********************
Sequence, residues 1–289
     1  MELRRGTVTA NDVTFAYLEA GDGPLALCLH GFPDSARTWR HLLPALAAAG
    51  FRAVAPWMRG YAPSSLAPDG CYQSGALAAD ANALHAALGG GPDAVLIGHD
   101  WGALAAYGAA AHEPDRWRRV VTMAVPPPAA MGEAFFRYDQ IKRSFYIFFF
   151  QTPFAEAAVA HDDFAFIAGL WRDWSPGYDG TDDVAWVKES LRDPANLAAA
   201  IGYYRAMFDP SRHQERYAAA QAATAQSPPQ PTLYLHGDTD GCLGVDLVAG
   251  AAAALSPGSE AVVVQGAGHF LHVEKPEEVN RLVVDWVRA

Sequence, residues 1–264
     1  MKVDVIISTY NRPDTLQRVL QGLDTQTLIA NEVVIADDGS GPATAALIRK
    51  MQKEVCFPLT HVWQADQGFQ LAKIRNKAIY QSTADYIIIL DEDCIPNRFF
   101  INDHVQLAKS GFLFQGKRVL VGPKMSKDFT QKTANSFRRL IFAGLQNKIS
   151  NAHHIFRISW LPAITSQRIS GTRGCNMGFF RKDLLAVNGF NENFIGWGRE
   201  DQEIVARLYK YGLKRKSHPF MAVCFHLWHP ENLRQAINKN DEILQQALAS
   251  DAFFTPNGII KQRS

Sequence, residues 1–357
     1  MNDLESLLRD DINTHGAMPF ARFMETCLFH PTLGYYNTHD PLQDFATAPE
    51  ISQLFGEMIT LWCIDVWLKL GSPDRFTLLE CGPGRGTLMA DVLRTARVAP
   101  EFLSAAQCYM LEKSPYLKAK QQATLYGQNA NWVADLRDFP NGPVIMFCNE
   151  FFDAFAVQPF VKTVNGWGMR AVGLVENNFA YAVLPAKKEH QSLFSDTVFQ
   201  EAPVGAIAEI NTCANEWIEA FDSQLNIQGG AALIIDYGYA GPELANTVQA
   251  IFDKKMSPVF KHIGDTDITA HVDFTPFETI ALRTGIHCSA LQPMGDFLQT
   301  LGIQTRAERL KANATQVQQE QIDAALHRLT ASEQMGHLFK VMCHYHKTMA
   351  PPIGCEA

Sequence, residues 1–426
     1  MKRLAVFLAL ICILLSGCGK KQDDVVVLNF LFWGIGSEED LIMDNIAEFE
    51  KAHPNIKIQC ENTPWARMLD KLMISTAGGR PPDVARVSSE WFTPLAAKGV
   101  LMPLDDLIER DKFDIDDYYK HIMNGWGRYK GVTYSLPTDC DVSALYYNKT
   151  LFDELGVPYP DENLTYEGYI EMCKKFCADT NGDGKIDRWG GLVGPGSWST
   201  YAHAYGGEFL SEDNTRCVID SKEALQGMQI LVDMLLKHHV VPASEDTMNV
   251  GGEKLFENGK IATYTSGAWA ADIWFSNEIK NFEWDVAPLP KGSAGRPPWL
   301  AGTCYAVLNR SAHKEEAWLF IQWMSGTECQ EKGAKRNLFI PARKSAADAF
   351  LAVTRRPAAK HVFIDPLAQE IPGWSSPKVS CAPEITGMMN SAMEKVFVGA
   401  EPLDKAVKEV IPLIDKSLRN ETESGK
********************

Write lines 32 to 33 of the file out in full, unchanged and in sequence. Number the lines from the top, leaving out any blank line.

   351  LAVTRRPAAK HVFIDPLAQE IPGWSSPKVS CAPEITGMMN SAMEKVFVGA
   401  EPLDKAVKEV IPLIDKSLRN ETESGK